Free Grace theologians point to a number of passages to validate their distinction between having saving faith and following Christ, mainly from the Gospel of John and the Pauline Epistles. For instance, Jesus’ explanation to the woman at the well of how to receive salvation—that she simply ask Him for it (John 4:10)—is compared to Jesus’ words to the disciples a few minutes later—that they must “do the will of him who sent me” (John 4:34).

Other verses in John’s Gospel mention the act of belief as the sole requirement for salvation, including John 3:16 and John 5:24. And John 6:47 says, “The one who believes has eternal life.” The fact that works lead to rewards in heaven may be seen in passages such as Matthew 5:1–15; 1 Corinthians 3:11–15; and Hebrews 10:32–36, particularly verse 36, which reads, “For you have need of endurance, so that when you have done the will of God you may receive what is promised.”

Many Reformed theologians are appalled by the assertions of Free Grace theologians, accusing them of “easy believism” or even antinomianism. Antinomianism is the heretical belief that a Christian is under no law whatsoever, whether biblical or moral, and thus may do whatever he pleases. The fact of the matter is that Free Grace Theology can make it easier to arrive at antinomianism. However, Free Grace teaching is not antinomian per se. Free Grace theologians consider their position more biblical than Lordship Salvation, which they consider to be a works-based theology. According to Free Grace theologians, Lordship Salvation holds that saving faith includes inherently the “act” of accomplishing radical internal change leading to good works.

This leads to the Free Grace emphasis on assurance of salvation, again based on the basic promises in John’s Gospel, that belief is all that is necessary for salvation. To the Free Grace theologian, this is a simple, cut-and-dried issue—if you believe, you are saved. For the Lordship Salvation camp, assurance of salvation comes through the observation of change in the professing believer, i.e., that he is accomplishing good works. Each camp views the other as possibly leading to heresy.

Although Free Grace Theology and Lordship Salvation are terms that have developed only recently, they represent concerns that have been around since the beginning of the church. At the end of the day, there is no question about the basic salvation of those who hold either view—which is ironic, since their disagreement is about salvation! Both views are within the limits of orthodoxy. Still, this does not mean it’s an insignificant discussion. One’s beliefs in this matter can change his view of himself, God, and salvation a great deal.[1]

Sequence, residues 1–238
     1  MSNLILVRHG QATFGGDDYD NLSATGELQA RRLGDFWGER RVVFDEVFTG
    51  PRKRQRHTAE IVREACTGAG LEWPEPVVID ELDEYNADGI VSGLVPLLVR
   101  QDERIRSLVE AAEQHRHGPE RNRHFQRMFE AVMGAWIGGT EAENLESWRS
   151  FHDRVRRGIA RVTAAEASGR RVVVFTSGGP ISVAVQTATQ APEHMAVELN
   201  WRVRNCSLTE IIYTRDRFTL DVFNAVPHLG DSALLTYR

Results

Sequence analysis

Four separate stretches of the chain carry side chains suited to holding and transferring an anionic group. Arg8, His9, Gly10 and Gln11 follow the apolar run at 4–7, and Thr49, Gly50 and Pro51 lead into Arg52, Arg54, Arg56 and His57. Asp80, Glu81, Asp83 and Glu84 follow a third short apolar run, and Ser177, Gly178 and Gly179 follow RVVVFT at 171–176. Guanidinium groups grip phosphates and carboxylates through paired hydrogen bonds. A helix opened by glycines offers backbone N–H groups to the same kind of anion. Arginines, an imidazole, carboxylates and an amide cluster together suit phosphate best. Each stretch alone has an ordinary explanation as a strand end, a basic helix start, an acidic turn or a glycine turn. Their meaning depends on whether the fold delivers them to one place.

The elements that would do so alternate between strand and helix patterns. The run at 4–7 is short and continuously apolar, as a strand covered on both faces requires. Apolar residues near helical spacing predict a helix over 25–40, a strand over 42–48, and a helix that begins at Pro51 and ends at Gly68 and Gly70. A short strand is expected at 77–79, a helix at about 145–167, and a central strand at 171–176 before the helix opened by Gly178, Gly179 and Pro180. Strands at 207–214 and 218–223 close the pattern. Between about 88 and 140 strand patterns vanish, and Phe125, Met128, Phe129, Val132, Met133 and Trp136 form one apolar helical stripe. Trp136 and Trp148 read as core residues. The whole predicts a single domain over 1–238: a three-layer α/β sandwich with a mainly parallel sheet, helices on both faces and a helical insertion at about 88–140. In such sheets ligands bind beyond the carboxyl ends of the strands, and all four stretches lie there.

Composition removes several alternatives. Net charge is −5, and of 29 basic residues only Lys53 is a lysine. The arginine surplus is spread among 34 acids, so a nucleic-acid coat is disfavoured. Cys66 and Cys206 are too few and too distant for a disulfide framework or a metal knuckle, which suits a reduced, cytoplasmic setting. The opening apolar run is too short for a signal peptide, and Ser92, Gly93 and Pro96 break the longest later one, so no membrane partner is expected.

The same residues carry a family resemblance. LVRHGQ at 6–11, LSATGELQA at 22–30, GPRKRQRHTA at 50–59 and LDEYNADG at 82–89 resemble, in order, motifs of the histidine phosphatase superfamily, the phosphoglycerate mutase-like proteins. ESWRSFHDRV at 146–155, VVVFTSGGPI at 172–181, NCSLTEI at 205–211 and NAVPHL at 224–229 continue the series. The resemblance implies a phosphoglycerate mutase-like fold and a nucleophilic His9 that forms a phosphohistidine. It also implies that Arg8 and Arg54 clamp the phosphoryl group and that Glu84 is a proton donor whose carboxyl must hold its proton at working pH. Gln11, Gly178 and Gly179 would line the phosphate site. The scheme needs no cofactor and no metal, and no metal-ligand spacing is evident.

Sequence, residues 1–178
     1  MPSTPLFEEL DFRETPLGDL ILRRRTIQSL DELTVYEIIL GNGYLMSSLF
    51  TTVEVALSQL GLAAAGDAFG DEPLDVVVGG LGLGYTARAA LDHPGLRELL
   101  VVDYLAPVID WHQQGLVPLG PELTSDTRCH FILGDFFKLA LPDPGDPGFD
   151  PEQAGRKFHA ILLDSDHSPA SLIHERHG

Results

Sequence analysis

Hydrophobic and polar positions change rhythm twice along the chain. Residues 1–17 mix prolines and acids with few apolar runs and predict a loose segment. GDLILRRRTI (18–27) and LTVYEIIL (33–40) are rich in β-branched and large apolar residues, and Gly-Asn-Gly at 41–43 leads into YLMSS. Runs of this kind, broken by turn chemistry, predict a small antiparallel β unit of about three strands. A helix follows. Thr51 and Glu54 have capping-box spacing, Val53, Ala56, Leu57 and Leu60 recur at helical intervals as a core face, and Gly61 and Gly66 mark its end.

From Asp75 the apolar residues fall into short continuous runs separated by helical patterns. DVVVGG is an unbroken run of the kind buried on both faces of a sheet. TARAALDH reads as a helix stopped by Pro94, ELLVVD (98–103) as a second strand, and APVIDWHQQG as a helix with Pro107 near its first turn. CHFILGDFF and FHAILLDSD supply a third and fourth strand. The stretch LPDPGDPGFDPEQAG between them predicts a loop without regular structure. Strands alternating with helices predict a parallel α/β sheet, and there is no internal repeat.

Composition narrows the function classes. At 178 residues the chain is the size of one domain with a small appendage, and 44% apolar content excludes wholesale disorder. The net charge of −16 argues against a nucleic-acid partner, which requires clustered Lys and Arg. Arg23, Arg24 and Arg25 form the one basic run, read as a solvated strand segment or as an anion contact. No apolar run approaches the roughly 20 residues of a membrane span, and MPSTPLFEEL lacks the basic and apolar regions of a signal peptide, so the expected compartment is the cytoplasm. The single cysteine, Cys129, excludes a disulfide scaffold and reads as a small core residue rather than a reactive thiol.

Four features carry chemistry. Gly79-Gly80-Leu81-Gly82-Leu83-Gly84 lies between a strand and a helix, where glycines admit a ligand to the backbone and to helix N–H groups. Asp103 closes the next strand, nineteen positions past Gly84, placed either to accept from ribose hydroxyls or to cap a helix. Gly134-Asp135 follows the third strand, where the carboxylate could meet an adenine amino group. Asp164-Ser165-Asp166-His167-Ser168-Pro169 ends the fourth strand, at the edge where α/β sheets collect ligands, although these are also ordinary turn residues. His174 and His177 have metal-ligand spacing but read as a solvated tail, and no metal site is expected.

[1] Got Questions Ministries. (2010). Got Questions? Bible Questions Answered. Bellingham, WA: Logos Bible Software.

Topical Bible Questions: What Is Spiritual Manipulation?

 

To manipulate is to negotiate, control or influence for one’s own advantage. Spiritual manipulation is a technique used by some abusive churches and cults to control individuals and acquire gain, all the while giving the impression that their teachings are based on the Bible.

Some religious groups take Scriptures out of context in order to support their beliefs. They isolate “proof texts” and “cherry pick” verses to persuade the uninformed that their interpretation is right, even to the extent of claiming they alone have “the truth” and everybody else is wrong. Some have even altered the Bible and produced their own translation to support their religious bias.

Some denominations use scholastic dishonesty to manipulate. They will use partial quotations from first-century Christians and eminent Bible scholars in suggesting that they agree with their views. Take, as an example, the booklet “Should You Believe in the Trinity?,” published by the Watchtower Society. Page 7 includes a partial quote from Justin Martyr: “Justin Martyr, who died about 165 C.E., called the prehuman Jesus a created angel who is ‘other than the God who made all things.’ He said that Jesus was inferior to God and ‘never did anything except what the Creator … willed him to do and say.’ ” What’s missing from this partial quotation is significant. Justin Martyr said that the “Son, who also, being the first-begotten Word of God, is even God.” Nowhere did Justin Martyr say the pre-human Jesus was a created angel.